I was excited to hear Rhoderick Chalmers, the director of the International Crisis Group in Nepal, mention that there was no anarchy in Nepal, that in fact what seems like chaos is not actually so, because I had just been thinking about that same point and talking it over with Cecilia as we were making our way over to the ICG office. We were talking about it in regard to the way in which the interaction between people and cars on the streets seems to work. From the outside it seems pretty impressive that the population still manages to grow despite what seems like it should be inevitable death for most, if not all pedestrians. But in reality there are rules. I’m still not totally sure what they are, and I don’t know if all Nepalis do either, but somehow I feel like I am generally able to follow them. I am even beginning to appreciate the incessant honking because I understand that it is really just the car’s way of saying “hey, I’m here… ok bye.”
This is a good, if not a big step. Its at least in the right direction. I’ve gotten comfortable in my home stay and have an easy walk to my work-base (its not an internship, its more of a place where I can come and get advice and lately a good place for internet connection as well) and relatively quiet days which are full of contemplation.
Since starting here at INHURED I’ve edited some translations of interviews with Bhutanese refugees, edited a proposal for a new project to the Australian development agency, and edited the proposed script to OHCHR for a docudrama on transitional justice. All of which have been immensely educating and interesting. I also sat in on a meeting with the artist who is designing 3 billboards for INHURED, which will be posted all over Nepal focusing on the constitution (what basically the constitution will include), five of the fundamental rights and freedoms, and the general structure of federalism.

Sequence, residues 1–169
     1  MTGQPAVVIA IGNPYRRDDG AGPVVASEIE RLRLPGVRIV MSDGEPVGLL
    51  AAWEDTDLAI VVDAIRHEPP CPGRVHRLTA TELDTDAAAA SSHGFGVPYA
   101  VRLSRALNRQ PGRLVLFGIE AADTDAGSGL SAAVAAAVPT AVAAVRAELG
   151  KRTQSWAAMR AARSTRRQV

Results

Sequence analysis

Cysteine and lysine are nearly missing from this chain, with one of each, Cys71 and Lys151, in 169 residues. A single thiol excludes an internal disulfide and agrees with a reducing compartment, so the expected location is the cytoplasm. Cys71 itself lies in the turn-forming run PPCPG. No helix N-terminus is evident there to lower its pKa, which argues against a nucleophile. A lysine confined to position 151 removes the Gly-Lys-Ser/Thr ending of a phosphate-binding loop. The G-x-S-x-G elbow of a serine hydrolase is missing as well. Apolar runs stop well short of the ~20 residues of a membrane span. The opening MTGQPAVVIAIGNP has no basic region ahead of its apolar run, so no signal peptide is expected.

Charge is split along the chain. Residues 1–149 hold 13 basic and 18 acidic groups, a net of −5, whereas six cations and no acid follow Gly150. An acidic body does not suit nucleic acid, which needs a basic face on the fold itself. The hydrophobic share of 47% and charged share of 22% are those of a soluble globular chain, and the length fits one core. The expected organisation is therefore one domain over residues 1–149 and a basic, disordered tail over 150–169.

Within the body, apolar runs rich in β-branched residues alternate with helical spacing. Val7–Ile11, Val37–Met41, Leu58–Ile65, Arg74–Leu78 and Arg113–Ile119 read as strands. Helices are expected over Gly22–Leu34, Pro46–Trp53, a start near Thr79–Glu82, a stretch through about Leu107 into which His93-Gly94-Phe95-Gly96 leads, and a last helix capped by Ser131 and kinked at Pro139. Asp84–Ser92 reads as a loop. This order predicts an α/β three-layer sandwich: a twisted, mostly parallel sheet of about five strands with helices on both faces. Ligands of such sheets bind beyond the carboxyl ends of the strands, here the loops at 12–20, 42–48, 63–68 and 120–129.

I’ve written a preliminary TOR and a long list of questions that I need to work on some more. But all in all I’m ready. Someone call me! Someone email me! I’m ready to meet with you and ask you questions about citizenship, individual rights and freedoms and representation in Nepal!
No? Not yet? Phone’s on…. Internet is working better at the moment than it was 10 minutes ago. No? Ok... I'll keep thinking and writing then.
Its not all lost though, not at all. I actually feel like right now I’m waiting, but in a little while (in a few hours, a few days, or next week) I might have more than I can handle. Here’s hoping!
Technically, I’m ahead in the game: I have time to read and reflect, and I have three (!!) meetings set up. One is with youth involved in Today’s Youth Asia!, another with the Press Attache for the US Embassy, and a third with one of our advisers, who also happens to be one of the leaders in the National Planning Commission. So I would say that I’m actually off to a really good start. (Now I have a tentative 4th meeting for later this month!)